On August 23rd, the Bureau of Land Management (BLM) closed its submission period for public comments regarding its revised proposed ruling for federal regulation of hydraulic fracturing. The ruling, “Oil and Gas; Hydraulic Fracturing, on Federal and Indian Lands,” was first proposed in May of 2012, and has since been revised to incorporate the surge of public comments BLM received on its initial version. This proposed ruling would establish regulations “to reduce the environmental and health risk that can be posed by hydraulic fracturing involving BLM-administered lands.”
Regulations in the revised proposed ruling include new standards for groundwater protection, options to increase flexibility and efficiency of land leases, and requirements for flow-back water management plans and for disclosure of chemicals used in fracking fluid. Some have argued that the revised ruling actually includes less stringent regulations than were first proposed in the initial 2012 version. For example, the revised version now allows oil companies to keep some drilling fluid components secret and allows these companies to run well integrity tests on just one representative well, rather than on all the wells in a field. Further, rather than require an audit by an independent third-party, operators would self-report their fluid components, and do so only after the well has already been drilled.1
Hundreds of environmental groups and organizations support federal fracking regulations, arguing that unregulated fracking activity poses threats to public health and the environment. Additionally, many of these groups believe that even regulated activity will not do enough to protect communities from the dangers of fracking. Before the August 23rd deadline, nearly 650,000 public comments were submitted and almost 8,000 phone calls were made to the White House to call for a ban on fracking on federal land altogether. Alternatively, there are also many industry groups that oppose any federal regulation of fracking, arguing that it is costly, unnecessary, and is better handled at the state level.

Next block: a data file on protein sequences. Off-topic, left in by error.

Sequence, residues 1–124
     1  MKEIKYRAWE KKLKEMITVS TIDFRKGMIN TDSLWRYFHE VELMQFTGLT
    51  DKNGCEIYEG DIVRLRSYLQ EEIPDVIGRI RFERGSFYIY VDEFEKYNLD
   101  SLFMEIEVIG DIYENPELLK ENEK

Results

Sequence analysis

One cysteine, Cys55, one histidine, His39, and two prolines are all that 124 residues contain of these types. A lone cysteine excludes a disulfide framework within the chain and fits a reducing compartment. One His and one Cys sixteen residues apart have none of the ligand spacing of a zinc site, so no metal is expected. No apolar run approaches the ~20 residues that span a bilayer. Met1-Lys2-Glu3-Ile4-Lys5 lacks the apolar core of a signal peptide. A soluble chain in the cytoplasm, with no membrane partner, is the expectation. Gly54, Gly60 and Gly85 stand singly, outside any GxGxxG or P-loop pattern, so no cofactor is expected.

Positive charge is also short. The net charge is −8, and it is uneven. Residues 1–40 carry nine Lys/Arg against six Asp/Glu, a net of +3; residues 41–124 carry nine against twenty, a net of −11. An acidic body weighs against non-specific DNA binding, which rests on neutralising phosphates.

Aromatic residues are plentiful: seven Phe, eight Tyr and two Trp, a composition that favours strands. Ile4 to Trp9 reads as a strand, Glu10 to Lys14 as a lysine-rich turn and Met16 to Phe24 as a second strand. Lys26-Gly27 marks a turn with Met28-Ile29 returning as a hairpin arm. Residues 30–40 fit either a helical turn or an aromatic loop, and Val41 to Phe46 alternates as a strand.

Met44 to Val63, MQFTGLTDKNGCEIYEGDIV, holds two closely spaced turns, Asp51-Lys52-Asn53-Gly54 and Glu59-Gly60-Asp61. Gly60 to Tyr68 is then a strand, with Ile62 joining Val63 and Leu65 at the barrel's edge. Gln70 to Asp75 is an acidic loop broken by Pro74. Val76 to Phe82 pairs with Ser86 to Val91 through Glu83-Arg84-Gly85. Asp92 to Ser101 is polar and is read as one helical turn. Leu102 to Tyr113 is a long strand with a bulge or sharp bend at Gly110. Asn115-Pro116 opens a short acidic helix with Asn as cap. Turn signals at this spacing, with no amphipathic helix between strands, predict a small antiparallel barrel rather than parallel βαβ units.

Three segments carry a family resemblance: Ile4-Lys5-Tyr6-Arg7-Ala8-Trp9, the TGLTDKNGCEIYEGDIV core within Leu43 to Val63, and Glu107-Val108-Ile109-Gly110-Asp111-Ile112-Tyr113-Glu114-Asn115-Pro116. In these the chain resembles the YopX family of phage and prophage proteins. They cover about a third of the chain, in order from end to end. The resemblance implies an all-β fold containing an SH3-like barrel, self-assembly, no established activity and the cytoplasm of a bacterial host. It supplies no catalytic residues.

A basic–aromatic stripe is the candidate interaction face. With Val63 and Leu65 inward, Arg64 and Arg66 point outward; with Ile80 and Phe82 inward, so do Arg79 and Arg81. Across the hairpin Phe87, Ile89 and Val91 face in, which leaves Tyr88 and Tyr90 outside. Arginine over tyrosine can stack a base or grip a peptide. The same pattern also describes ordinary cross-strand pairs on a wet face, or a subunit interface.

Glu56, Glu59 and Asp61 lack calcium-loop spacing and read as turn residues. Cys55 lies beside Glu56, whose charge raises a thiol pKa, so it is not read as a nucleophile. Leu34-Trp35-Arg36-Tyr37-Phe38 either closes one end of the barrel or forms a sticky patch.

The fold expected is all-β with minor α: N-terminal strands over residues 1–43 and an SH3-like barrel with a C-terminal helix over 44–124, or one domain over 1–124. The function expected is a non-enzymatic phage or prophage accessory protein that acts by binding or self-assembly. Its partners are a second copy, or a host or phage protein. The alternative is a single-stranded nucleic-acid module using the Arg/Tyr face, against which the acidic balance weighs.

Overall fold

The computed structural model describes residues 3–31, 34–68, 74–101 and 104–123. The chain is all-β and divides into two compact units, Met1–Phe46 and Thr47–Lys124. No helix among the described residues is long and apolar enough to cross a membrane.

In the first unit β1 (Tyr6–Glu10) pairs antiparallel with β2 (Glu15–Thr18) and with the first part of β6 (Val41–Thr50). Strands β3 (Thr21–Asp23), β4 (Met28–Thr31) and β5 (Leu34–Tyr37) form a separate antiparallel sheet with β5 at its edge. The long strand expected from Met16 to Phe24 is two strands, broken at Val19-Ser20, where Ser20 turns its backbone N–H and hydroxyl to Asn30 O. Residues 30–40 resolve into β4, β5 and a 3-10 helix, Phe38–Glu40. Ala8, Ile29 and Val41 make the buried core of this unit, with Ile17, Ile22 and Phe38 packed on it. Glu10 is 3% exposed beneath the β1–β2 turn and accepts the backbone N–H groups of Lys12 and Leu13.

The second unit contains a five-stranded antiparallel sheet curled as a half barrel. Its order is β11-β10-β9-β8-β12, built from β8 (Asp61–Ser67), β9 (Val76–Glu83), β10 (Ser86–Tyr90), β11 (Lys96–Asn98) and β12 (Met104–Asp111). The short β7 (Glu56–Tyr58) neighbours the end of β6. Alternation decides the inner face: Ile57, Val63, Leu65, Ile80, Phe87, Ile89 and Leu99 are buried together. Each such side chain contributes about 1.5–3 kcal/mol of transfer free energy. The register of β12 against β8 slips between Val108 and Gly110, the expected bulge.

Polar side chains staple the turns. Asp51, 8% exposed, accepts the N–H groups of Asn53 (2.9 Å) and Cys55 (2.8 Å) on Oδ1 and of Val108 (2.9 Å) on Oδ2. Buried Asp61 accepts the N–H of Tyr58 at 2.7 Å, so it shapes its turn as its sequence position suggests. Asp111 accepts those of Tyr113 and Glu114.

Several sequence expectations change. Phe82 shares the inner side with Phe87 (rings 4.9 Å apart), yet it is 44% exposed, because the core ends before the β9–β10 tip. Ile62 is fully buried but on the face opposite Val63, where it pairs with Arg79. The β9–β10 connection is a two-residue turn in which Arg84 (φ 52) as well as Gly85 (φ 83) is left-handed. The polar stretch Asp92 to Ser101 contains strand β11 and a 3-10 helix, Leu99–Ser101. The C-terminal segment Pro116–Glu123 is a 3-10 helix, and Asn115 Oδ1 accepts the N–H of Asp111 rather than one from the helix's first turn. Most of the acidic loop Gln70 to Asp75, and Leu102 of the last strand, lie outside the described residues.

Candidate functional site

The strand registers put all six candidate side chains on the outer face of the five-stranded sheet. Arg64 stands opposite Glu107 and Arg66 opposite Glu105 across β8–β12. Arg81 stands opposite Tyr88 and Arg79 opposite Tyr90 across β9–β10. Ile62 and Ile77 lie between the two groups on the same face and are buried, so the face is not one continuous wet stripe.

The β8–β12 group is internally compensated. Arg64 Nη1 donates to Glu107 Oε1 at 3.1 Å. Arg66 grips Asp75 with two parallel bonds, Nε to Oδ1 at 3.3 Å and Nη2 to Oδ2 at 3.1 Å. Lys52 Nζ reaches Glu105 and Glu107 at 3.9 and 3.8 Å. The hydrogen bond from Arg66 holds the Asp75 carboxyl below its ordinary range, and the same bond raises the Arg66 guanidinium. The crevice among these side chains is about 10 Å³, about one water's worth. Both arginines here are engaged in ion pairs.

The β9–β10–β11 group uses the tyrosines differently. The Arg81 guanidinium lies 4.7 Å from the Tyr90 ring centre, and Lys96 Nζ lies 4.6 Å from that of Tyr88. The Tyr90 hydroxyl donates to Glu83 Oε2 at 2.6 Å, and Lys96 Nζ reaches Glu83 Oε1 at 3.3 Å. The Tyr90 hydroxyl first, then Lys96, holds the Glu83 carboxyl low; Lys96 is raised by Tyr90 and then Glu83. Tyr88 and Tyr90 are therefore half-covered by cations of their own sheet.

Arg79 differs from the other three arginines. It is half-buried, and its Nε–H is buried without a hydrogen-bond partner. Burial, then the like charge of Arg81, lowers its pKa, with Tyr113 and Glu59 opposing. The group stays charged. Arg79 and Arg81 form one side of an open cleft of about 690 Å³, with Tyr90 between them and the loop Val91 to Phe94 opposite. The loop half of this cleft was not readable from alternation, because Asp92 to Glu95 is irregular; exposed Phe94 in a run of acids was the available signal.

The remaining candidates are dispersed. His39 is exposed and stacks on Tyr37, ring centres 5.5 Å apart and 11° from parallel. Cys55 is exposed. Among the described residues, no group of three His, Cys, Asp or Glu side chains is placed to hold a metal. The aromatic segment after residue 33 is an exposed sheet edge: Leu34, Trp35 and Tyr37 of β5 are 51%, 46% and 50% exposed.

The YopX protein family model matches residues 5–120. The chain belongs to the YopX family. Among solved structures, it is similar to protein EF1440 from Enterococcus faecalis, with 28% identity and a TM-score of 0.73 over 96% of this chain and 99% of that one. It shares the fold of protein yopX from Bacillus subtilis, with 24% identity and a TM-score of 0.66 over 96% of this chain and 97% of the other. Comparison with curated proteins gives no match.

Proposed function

Although 90 percent of wells on public lands now use fracking methods for natural gas and oil extraction, the Interior Department’s fracking regulations have not been substantially updated in over 30 years, when they were first created. The proposed ruling would establish regulations covering 700 million acres of federal land and 56 million acres of tribal lands. Of the states in which fracking takes place, several have already established their own regulations, mostly in the form of command-and-control requirements, case-by-case permitting, and performance standards.2 If the federal ruling passes, operators within these states would be required to comply with both the state and federal regulations. California’s Division of Oil, Gas and Geothermal Resources (DOGGR), is in the process of developing its own fracking regulations as well. Energy Innovation Director of Research, Chris Busch, offers policy recommendations for DOGGR to consider in his recently published paper, “Frack or Fiction.” The final decision regarding federal fracking regulations is expected at the end of this year or in early 2014.
1 Assis, Claudia. “Proposed Federal Fracking Rules Weaker Than in Previous Draft”. MarketWatch. May 20, 2013.http://blogs.marketwatch.com/energy-ticker/2013/05/20/proposed-federal-fracking-rules-weaker-than-in-previous-draft/
2 Richardson, Nathan et al. “The State of State Shale Gas Regulation”. Resources for the Future. June 2013. http://www.rff.org/rff/documents/RFF-Rpt-StateofStateRegs_Report.pdf
Featured image courtesy of EcoFlight; National Parks and Hydraulic Fracturing map courtesy of National Parks Conservation Association.